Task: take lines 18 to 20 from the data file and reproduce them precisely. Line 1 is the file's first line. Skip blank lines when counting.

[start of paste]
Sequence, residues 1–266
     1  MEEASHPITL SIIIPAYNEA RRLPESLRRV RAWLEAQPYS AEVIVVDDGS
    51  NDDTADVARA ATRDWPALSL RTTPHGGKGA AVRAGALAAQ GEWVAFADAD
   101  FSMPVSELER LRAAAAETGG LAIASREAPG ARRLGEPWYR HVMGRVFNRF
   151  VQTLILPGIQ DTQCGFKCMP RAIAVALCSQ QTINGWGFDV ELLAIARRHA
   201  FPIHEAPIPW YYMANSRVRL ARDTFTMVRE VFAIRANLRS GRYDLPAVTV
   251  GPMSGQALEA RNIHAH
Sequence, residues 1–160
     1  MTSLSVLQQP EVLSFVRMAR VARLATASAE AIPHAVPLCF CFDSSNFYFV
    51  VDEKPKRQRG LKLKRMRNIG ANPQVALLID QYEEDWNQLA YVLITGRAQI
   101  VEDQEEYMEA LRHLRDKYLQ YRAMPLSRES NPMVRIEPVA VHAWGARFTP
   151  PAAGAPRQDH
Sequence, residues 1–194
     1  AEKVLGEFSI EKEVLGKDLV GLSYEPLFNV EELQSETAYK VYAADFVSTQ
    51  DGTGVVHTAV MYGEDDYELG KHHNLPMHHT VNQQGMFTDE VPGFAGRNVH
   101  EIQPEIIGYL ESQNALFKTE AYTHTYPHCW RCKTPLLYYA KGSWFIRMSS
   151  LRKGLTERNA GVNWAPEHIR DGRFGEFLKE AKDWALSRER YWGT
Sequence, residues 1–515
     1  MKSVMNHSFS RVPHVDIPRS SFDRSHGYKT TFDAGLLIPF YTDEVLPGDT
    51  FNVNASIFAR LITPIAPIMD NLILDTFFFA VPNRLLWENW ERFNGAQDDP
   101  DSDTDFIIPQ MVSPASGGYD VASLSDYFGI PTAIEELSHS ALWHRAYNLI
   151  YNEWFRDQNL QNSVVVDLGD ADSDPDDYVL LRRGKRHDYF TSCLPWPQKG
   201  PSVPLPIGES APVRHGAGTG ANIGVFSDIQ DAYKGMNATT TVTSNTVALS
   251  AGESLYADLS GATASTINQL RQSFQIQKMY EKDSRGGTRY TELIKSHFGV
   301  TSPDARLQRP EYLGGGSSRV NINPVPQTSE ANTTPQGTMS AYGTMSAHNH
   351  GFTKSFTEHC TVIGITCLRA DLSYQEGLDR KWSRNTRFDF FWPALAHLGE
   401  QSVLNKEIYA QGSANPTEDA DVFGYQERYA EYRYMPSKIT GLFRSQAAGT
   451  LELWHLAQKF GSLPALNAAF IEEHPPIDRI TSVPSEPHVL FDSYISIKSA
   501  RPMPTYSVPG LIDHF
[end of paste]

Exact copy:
Sequence, residues 1–515
     1  MKSVMNHSFS RVPHVDIPRS SFDRSHGYKT TFDAGLLIPF YTDEVLPGDT
    51  FNVNASIFAR LITPIAPIMD NLILDTFFFA VPNRLLWENW ERFNGAQDDP